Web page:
Warranties are the promises you make to the purchaser about the property being sold. This article looks at some of the vendor warranties contained in the ADLS / REINZ agreement for sale and purchase of real estate (Sale Agreement) and considers when disclosures may need to be made.
As a vendor you warrant that (as at the date of the agreement) you have not received any notice or demand from any government authority, tenant or any other party, which affects the property. This warranty would extend to things like receiving a letter from your neighbour requiring you to contribute to the cost of a fence, or a notice from a tenant requiring you to undertake repairs, or a notice from Council to fix part of your property. If there is any doubt about whether a notice you have received affects the property, it is better to disclose it to the purchaser.
One warranty often overlooked by vendors is the warranty that the chattels included in the sale are in reasonable working order. This warranty is provided at settlement, so it means all chattels must be working on the settlement date. It is common now for purchasers to test all chattels on a final inspection of the property, and things like a broken heat pump or cooktop with only one burner working can be a breach of this warranty – allowing the purchaser to bring a claim for compensation. If any chattels included in the Sale Agreement do not work, or do not fully work, this should be expressly stated in the agreement and the warranties appropriately amended.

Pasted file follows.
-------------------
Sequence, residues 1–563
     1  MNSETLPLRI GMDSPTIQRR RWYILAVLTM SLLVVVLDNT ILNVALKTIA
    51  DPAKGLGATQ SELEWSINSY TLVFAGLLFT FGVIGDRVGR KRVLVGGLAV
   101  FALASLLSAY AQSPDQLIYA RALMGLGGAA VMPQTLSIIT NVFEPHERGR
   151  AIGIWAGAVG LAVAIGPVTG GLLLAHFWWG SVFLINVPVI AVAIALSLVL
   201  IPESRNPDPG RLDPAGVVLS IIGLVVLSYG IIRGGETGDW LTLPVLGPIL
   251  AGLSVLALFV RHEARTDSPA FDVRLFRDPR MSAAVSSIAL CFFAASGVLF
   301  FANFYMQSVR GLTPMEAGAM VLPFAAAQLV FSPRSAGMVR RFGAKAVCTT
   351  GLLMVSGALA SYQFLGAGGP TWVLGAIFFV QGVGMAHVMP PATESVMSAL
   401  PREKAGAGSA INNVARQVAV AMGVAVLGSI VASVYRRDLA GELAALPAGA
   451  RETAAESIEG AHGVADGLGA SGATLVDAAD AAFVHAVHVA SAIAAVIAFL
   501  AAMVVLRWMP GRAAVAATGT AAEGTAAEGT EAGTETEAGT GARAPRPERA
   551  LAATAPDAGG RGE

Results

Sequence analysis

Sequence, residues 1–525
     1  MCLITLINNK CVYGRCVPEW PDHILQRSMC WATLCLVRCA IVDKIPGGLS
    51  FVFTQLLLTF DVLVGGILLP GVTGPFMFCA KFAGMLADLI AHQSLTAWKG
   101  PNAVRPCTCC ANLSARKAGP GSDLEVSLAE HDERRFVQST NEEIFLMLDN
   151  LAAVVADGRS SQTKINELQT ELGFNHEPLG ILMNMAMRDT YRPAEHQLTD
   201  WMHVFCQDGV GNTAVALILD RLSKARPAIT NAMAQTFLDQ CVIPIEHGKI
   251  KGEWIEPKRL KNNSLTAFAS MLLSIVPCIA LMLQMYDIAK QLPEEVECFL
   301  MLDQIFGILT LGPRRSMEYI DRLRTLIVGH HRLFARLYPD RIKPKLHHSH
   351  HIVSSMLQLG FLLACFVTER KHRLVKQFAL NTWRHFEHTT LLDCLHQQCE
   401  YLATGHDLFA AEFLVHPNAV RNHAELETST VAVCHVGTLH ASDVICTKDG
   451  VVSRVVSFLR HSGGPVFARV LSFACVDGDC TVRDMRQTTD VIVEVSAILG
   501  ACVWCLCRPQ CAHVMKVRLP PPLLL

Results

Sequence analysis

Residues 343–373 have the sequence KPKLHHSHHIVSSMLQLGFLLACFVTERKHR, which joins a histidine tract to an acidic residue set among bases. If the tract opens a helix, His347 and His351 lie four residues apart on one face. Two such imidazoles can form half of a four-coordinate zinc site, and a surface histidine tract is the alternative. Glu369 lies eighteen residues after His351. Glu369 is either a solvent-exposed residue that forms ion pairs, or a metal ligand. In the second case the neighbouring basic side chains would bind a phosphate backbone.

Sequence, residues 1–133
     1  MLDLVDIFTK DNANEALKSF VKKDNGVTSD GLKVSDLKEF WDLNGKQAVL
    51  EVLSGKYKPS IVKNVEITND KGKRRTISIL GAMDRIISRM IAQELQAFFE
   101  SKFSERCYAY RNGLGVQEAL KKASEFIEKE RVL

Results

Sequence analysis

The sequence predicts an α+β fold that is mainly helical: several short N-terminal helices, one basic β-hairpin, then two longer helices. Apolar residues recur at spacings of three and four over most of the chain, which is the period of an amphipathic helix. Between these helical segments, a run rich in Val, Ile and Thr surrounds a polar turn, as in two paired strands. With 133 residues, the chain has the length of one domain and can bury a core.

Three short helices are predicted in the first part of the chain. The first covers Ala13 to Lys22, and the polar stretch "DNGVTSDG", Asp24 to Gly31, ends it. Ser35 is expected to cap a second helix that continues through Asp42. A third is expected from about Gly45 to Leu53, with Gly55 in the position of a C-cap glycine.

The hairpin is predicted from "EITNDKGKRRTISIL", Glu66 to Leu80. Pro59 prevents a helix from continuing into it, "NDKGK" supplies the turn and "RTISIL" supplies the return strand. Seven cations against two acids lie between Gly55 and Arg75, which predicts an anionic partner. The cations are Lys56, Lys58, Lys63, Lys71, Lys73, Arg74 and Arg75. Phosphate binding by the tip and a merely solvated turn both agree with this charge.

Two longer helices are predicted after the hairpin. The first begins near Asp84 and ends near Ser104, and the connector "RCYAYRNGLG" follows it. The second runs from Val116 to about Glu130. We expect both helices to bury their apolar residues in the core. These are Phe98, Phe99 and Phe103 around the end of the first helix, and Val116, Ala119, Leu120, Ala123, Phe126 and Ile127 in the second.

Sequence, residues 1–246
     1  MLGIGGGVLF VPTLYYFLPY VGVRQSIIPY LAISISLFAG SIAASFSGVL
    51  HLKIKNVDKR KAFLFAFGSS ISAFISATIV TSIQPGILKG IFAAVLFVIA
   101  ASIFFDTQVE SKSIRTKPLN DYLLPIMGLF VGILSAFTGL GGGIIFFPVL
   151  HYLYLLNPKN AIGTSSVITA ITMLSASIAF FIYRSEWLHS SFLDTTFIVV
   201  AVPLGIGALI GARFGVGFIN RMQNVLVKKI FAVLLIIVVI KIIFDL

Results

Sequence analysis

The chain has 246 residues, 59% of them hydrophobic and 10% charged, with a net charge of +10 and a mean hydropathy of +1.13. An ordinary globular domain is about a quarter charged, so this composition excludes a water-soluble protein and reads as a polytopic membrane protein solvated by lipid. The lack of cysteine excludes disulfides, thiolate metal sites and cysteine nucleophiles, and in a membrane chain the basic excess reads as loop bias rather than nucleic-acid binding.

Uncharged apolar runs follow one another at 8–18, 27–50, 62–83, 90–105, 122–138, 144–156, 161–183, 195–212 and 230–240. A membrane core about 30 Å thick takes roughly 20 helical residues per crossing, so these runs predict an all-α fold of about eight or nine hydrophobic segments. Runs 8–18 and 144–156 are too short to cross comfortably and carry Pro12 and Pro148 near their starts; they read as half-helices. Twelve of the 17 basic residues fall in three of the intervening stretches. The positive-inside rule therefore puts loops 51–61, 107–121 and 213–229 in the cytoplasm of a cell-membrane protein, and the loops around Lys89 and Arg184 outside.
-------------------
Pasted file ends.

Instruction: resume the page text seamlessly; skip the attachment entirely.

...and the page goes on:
Another warranty that can come back to bite a vendor is the warranty that where any works have been undertaken, the appropriate permits or consents were obtained and the works were completed in accordance with those permits or consents (and a code compliance certificate has issued, if appropriate). If you have undertaken any works to the property without a consent this should be disclosed to the purchaser and recorded in the agreement so you are not in breach of the warranty. You should ensure that all works undertaken by you on the property have the appropriate code compliance certificate, if required.
There is a warranty that all chattels provided in the agreement are unencumbered – so not subject to finance or security of a third party. Consider whether there are solar panels, whiteware or other chattels on the property where you are paying a third party for the purchase of the chattels or to rent the chattels – these chattels will likely be encumbered.
The Sale Agreement has numerous other warranties in it (for example in relation to unit titles and GST warranties) and we recommend you take specialist legal advice before signing a Sale Agreement to ensure you can comply with all of the standard warranties under the Sale Agreement, and if you can’t, to ensure the warranties are appropriately amended.
This article is current as at the date of publication and is only intended to provide general comments about the law. Harkness Henry accepts no responsibility for reliance by any person or organisation on the content of the article. Please contact the author of the article if you require specific advice about how the law applies to you.